Homer Alaska - News

Story last updated at 6:46 PM on Wednesday, November 9, 2011

Dwindling Derelicts


Photo by Michael Armstrong

The Honcho, foreground, and Spanky Paine, background.

The Honcho, front, and Spanky Paine sit on the beach by Pier One Theatre on the Homer Spit. It took just more than a month for Peninsula Scrap and Salvage to reduce the boats to bare hulls. A crew was on site on Tuesday working, said Ronald Smith, owner of Peninsula Scrap and Salvage. "They're just eating the Spanky Paine into little bitty pieces as we speak," Smith said late Tuesday afternoon. "It won't take long. Within a week, two-and-a-half weeks, they'll just be a memory." Smith estimated each boat weighed about 200 tons. The scrap metal is being hauled to the chip pad near the Deep Water Dock.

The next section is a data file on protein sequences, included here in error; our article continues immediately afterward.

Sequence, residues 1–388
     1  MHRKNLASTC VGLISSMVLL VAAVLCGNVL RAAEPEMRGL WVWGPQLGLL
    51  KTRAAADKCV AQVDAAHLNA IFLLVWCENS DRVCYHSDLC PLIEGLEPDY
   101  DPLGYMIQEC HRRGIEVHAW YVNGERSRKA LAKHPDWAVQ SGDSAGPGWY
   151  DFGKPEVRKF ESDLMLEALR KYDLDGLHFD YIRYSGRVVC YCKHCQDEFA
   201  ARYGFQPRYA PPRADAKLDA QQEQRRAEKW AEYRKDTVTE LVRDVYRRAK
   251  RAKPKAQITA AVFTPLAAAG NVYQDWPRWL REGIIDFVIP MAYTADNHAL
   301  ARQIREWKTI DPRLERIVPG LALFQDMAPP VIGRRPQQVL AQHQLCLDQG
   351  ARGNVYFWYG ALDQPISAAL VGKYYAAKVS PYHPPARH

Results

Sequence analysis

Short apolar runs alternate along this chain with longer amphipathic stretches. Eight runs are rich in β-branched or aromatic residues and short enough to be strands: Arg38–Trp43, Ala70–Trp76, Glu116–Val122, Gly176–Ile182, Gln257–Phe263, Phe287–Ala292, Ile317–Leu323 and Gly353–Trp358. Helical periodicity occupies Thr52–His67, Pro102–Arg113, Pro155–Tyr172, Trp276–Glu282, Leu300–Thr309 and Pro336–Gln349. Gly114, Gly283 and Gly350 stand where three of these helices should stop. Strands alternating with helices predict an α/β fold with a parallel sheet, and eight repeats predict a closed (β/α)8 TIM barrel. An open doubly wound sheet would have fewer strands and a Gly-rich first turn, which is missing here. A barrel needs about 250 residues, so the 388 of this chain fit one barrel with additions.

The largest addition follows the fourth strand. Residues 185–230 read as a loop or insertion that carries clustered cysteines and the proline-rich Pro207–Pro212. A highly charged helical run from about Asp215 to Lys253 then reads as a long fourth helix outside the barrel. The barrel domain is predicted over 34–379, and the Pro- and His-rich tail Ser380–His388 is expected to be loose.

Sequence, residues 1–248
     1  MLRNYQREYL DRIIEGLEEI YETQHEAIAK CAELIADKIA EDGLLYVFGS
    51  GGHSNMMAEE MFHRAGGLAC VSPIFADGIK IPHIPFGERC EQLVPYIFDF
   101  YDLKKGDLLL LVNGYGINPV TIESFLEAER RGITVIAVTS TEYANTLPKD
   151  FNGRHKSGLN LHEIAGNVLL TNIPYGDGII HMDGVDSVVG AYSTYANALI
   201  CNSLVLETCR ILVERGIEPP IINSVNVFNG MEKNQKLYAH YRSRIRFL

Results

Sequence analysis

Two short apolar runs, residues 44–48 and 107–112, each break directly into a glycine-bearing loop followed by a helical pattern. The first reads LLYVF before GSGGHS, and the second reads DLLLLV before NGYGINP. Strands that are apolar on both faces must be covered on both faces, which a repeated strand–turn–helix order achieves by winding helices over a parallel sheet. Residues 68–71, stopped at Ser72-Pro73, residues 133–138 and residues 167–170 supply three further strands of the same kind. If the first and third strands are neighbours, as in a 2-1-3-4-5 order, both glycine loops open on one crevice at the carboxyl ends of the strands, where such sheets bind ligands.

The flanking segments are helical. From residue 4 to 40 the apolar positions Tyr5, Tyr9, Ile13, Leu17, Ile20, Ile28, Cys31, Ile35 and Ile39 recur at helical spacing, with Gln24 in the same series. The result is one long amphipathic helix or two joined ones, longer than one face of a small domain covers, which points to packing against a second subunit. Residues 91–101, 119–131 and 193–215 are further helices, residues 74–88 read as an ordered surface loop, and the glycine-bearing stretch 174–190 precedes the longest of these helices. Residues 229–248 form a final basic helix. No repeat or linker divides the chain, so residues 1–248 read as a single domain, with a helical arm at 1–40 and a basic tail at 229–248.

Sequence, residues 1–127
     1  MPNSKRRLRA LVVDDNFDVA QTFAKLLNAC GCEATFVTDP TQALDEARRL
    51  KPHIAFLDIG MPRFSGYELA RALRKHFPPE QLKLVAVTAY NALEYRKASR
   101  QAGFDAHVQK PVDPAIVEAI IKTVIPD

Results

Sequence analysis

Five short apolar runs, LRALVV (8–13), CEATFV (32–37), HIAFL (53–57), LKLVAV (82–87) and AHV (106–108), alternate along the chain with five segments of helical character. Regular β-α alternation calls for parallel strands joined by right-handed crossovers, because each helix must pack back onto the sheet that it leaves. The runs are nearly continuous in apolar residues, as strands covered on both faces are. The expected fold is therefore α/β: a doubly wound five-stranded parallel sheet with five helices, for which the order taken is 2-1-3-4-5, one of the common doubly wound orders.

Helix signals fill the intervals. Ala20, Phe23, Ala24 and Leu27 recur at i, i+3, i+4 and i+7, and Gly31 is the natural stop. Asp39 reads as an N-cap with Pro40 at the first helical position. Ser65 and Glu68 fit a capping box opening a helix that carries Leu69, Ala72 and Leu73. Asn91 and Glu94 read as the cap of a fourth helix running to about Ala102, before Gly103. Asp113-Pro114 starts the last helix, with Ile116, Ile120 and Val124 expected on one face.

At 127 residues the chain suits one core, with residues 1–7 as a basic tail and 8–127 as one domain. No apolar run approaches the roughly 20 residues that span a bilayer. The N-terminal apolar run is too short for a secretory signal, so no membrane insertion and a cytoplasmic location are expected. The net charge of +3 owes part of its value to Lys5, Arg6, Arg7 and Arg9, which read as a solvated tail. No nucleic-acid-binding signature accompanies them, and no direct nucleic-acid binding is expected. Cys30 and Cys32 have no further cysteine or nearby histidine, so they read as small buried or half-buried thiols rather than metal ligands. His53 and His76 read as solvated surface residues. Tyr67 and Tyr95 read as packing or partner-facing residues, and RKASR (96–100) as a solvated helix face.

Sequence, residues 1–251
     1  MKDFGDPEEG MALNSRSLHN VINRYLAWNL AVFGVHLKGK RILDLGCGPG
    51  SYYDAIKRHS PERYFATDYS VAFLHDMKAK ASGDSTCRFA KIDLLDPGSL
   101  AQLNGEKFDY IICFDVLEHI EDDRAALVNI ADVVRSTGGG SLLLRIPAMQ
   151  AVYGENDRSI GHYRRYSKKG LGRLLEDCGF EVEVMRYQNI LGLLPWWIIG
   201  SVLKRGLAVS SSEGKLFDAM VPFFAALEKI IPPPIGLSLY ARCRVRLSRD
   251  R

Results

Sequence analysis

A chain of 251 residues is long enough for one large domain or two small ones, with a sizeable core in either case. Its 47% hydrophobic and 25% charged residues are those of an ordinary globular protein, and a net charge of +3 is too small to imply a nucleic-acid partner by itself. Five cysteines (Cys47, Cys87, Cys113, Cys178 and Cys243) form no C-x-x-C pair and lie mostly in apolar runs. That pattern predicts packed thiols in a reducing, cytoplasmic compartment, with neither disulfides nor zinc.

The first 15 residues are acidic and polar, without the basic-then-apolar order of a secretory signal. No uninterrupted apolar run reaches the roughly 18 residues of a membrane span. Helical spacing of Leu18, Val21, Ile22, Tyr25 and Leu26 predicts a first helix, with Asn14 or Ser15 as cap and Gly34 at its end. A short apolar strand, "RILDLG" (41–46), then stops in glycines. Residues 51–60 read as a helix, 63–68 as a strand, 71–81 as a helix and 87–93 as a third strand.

The engines have been salvaged. Other material, such as tie posts, have been donated to the city. Peninsula Scrap and Salvage also donated portholes from the ships to the Pratt Museum's Ritz fundraiser.

Under the city's derelict vessel removal program, the two boats were moved from the harbor to the beach to be salvaged. The Spanky Paine was built in 1894 in Buffalo, N.Y., and was commissioned by the U.S. Navy for service in the Spanish American War, World War I and World War II. Former owner Fred Paine named the boat after his son. It also had been previously named the Calumet, the Tioga and the John F. Drews.